5 Do’s and Don’ts for Freelancers to Survive the Meltdown

Mayank Batavia
4 min readOct 27, 2021
Image by Antor Paul from Unsplash

Working as a freelancer became more attractive than ever since the internet became more ubiquitous. Mainly because payments systems became easier and reliable.

The gig economy, as it was hailed as, was born.

Last year, Forbes quoted an Upwork and Freelancing Union study that said close to 57 million Americans are working as freelancers.

Yet, being a freelancer can never be a prescription to heal the nerves. And it’s not difficult to understand why: uncertain income flows and the demand to be always hustling can upset many a strong-willed professional.

Super-tough times for freelancers

With the twin devils of Covid-19 pandemic and the global economic meltdown, freelancers are battling some serious but mostly unknown battles.

Drop in number of gigs offered, lowering of fees, delayed payments, projects suspended indefinitely, harsh pricing negotiations, increase in scope of work without additional compensation … all this only scratches the surface of what freelancing professionals are facing today.

Here are 5 things freelancers can consider applying in order to do better and stay calm:

1. Add skills — but don’t stray too far

As the number of gigs you win dwindle, it’s only natural to want to expand your skill base and try and win gigs from other domains.

Good, but don’t stray too far.

Add diverse skills, but don’t dilute your domain strengths too far.

Let’s say you’re a designer and you have been designing logos, letterheads, packaging material and such stuff. You can consider getting into video editing perhaps, but if you try getting into, say, SEO (Search Engine Optimization) or coding, you’re likely stretching yourself too far.

That’s because building credible expertise over an entirely new skill takes time, perhaps longer than you think.

You might want to have a look at this Indeed blog to understand how companies are trying to manage remote employees. That could help you see how you could contribute the productivity of the team, even though you are a freelancer and not an employee.

2. Do something extra — but don’t be in a hurry to bill the client

Doing something extra includes spreading the word, helping automate or offering to critique.

Your clients love it when you do something that adds value to to them but didn’t fall into your scope of work.

For instance, if you’re a game-designer, help them with an infographic or offer inputs for their new webpage layout. Do this despite knowing that’s not your job.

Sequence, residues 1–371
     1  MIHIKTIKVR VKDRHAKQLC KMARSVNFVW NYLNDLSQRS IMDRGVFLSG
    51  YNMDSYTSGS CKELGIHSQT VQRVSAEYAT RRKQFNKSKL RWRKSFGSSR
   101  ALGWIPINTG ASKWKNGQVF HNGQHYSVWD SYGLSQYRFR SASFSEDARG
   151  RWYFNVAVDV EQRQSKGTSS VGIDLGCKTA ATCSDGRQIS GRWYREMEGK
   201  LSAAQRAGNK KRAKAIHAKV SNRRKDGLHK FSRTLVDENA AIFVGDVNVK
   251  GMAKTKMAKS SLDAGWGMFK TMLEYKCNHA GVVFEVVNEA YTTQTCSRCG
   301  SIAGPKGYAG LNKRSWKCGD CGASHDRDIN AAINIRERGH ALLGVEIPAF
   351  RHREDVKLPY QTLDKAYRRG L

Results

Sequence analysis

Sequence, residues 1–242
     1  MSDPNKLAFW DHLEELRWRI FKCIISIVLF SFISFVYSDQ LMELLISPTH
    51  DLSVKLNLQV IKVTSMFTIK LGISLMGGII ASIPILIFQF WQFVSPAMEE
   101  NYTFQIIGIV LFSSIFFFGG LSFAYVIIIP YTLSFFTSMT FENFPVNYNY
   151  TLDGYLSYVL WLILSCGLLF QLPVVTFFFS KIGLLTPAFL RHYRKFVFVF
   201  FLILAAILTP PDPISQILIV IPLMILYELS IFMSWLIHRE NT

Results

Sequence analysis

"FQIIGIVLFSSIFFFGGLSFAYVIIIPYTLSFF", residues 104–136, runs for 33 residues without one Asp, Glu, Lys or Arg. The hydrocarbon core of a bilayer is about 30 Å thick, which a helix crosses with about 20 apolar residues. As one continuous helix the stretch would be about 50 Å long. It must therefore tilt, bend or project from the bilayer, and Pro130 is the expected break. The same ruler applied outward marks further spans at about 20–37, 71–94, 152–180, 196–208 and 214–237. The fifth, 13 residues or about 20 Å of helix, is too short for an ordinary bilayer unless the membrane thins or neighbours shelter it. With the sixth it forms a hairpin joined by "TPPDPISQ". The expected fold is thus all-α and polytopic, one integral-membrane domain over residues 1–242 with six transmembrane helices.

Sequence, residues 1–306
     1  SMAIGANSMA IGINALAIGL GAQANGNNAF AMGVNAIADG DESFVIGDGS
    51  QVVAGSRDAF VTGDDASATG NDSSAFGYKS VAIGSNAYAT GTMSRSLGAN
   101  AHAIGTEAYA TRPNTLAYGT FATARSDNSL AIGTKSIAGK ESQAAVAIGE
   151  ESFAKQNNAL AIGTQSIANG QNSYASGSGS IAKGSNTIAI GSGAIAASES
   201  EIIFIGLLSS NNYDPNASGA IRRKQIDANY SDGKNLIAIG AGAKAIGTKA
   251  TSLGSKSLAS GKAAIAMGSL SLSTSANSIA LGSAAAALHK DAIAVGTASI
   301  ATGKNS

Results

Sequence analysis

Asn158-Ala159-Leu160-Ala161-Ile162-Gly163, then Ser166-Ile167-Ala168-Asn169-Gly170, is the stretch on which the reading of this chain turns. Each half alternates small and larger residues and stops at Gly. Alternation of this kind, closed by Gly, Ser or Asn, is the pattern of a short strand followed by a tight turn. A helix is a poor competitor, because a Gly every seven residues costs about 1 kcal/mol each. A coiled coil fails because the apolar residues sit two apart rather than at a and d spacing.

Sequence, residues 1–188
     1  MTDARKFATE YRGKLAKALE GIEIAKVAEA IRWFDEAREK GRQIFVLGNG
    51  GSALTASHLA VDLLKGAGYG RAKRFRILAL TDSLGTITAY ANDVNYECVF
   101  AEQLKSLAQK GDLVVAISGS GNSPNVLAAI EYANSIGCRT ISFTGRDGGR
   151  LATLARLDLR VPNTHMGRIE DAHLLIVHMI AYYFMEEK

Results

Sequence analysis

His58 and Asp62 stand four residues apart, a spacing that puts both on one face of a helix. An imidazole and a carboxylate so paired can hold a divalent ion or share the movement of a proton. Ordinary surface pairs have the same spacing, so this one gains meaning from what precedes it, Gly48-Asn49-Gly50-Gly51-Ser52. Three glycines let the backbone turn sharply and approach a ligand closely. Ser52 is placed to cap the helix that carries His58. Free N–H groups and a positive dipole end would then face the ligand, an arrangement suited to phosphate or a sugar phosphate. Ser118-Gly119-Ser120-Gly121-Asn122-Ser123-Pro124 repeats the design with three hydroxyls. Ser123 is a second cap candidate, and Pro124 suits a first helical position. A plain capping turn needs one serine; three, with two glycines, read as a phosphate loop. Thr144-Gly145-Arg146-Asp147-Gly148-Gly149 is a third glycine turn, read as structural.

But just because you’ve added value doesn’t automatically make you eligible for fees. You did it on your own, the client didn’t ask you to, remember?

It’s ok to not invoice a couple things, once in a while.

Think of that extra as something you’re doing to further strengthen your relationship with the client. For you, it will help you explore if that’s a skill you can later add to your quiver.

3. Learn to get more out of free tools

Freemium models have been around for a while. Some freemium models put a cap on your daily use, while others have an overall limit. Still others insert a watermark in the final design or limit the quality of downloads available.

Free tools range from ultra-modern tech to the good old books.

Here’s a quick roundup of three different freemium tools you can use without hitting the limit too quickly:

1. QuickEmailVerification: You can verify upto 100 email addresses per day for free. Great if you have a mailing list.

2. Lumen5: Create videos to explore your craft — a free video will insert a watermark at the end. That’s ok, right?

3. Ubersuggest: This keyword research tools offers a generous limit under the free category. Use it for your writing.

4. Don’t shift your moral compass

Writing 1,500 words in a blogpost when 1,000 words would have been sufficient.

Creating 5 designs where 3 would have been perfect.

Adding a module in a software when it wasn’t really necessary.

When you’re running out of gigs, it’s easy to be tempted by such things.

Avoid that.

If those few hundred words or two extra designs don’t add value to your work, don’t do it.

Don’t sacrifice your long-term relationship with your client just to earn a tiny sum today.

Rains lashing your home? Don’t change your compass, help is on the way.

5. Stay positive and accept it as a cycle

If you’re a freelancer facing a major crisis, this tip may sound insensitive or superficial.

All the same, you’ve got to hold your chin up and keep working.

Exercise releases some good chemicals inside your brain and make you feel naturally happy.

As they say, you haven’t come this far to come only this far.

Read good stuff, talk to friends, watch a cheerful movie… give yourself time.

Here’s an proven alternative: Physical exercise is known to elevate your mood.

Just a little diversion, that’s it.

You’re going to be fine!

Credits:

Featured image: Unsplash

Other images Autodraw

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Mayank Batavia

Interested in AI, data privacy and our next-door dragon. Teach/Taught math. Love smart puzzles that I can’t solve, which means most. Run blog www.almostism.com